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The plan was all set. My pastor friend and I agreed on a scheme for me to transfer to his church to take over his pastoral role because he has a broader calling in God’s kingdom. Despite my apprehensions over such a seismic shift in my ministry, I was ready to submit to the will of God. We thought we had covered all the bases and so presented the plan to our respective churches. The shock and vehement opposition of my church stunned us. Eventually, we had to scuttle the idea because of stiff resistance from my church. Once again, God showed me that the best plans of men are just that, plans. In the end, God’s will always prevail.


It is, therefore, no surprise that perhaps the most peculiar thing about the Christian leader is that she does not rely on her abilities. Her logos is primarily that humans are unable to save themselves and even do things by themselves. Every human being is a sinner who depends alone on God for his salvation. With such a core message, there is no room for pride and self-reliance.


Don’t get me wrong. I am not saying that a Christian leader merely waits for God to move and does nothing in the meantime. On the contrary, he exerts all effort in all that he does in obedience to the call of the Scriptures. However, he knows that the ultimate results and success of all his work are in the hands of the Almighty God. Because of this, such a leader cannot but depend on God for victory. A leader who radiates confidence in his own talents is turning his back on the gospel he claims to believe.


I have learned this lesson the hard way, not just once, but so many times. There were times when I felt I got things under control. Times when I thought my leadership savvy and intelligence would be adequate to overcome specific problems. Well, in most cases, I discovered to my chastisement how dangerous such thinking was. God has humbled me on countless occasions so that I may learn this lesson the hard way.


Jesus did not leave us in the dark about this topic. He said that we could not bear fruit if we do not abide in Him (see John 15:4). Unless we are united to Him by faith, all our efforts will be in vain. Believing this, a Christian leader always depends on God for success.


I suspect that this is the Achilles heel of numerous leaders today. They assume, perhaps unconsciously, that if they do their best, the rest will follow. I have observed many leaders in the secular world who exude cockiness. Yes, they think they are the masters of the universe. Sadly, such an attitude has also permeated Christendom. Not a few pastors preen as if they are God’s unreplaceable gift to the church. No wonder, people praise the leader more than God.


What we need today are leaders who have seen their utter dependence on God. Men and women who have been smitten by their sinfulness and brokenness. Leaders who daily see their reliance on the Lord Jesus alone not only for salvation but also for the performance of their daily duties.


Paul is an excellent example of what I mean. He testified that “But by the grace of God I am what I am, and his grace toward me was not in vain. On the contrary, I worked harder than any of them, though it was not I, but the grace of God that is with me.” (1 Corinthians 15:10).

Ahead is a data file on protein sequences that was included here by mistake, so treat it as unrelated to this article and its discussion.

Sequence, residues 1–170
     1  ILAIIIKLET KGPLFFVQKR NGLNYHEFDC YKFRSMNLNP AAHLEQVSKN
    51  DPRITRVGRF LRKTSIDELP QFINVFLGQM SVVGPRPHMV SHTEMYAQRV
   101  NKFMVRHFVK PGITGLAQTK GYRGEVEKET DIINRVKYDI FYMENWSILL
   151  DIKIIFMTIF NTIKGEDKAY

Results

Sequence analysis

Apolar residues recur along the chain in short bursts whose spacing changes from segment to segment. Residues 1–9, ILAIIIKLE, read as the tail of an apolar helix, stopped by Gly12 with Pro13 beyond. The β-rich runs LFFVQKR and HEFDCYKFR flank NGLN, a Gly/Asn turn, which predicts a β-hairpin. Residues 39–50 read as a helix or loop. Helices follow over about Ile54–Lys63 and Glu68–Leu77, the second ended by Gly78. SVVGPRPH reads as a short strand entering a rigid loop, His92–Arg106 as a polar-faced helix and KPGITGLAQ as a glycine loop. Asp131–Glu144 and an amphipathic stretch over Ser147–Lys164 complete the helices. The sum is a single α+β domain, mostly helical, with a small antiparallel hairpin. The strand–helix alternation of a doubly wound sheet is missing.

We see in Paul the perfect balance that we also need. Paul “worked harder” than most other leaders. At the same time, he plainly declared that it was God’s grace that enabled him to do the things he did. It is so easy to fall into one extreme or the other in this regard. Some say they rely on God and does little to pursue their plans. On the other hand, there are those leaders who work harder and think little of God’s role. They may once in a while pay lip service to their reliance on God, but they basically think only of what they can do.


What happens when a leader depends entirely on God while doing her best in fulfilling her obligations? Quite surprisingly, she experiences the power that God alone can give. Paul can say that “I can do all things through him who strengthens me.” (Philippians 4:13). In the context, Paul was referring to the grace of being content, whether in times of plenty or in times of want. We can apply the same principle in the Christian life in general and in leadership in particular. God can give us the grace to do all things He requires of us. Because the Spirit resides in every believer, we can have the power needed to overcome all the obstacles that come our way.


There are moments when the leader will feel as if he is drowning with problems and trials. Our enemy will continually find ways to discourage us. If we depend on our strength, there is no way we can win over discouragements and disappointments that periodically comes our way. It is only by relying on God more and more that we will be victorious.


How will you, as a leader, express your dependence on God? One concrete way is to be always praying. A person who genuinely believes that God is sovereign in ordering all things that come to pass will frequently be near the throne of grace. Commit all your plans and actions to the disposition of a loving God.


CH Spurgeon once said, “The same God that ordains to give a certain blessing has also ordained that we shall pray for it. We do not expect to change the will of God, but we believe our prayer to be a part of his will.”


If you aim to be an effective leader, always start your day with prayer as you commit your day to God’s enabling power. Throughout the day, pray without ceasing with prayers short and long. End the day with a prayer acknowledging the workings of God in the day about to close.


Discussion Guide

1. In what areas of your ministry do you often rely on your abilities?

2. Why do you need to depend on God for the success of your ministry?

3. How can you grow in your reliance on God?

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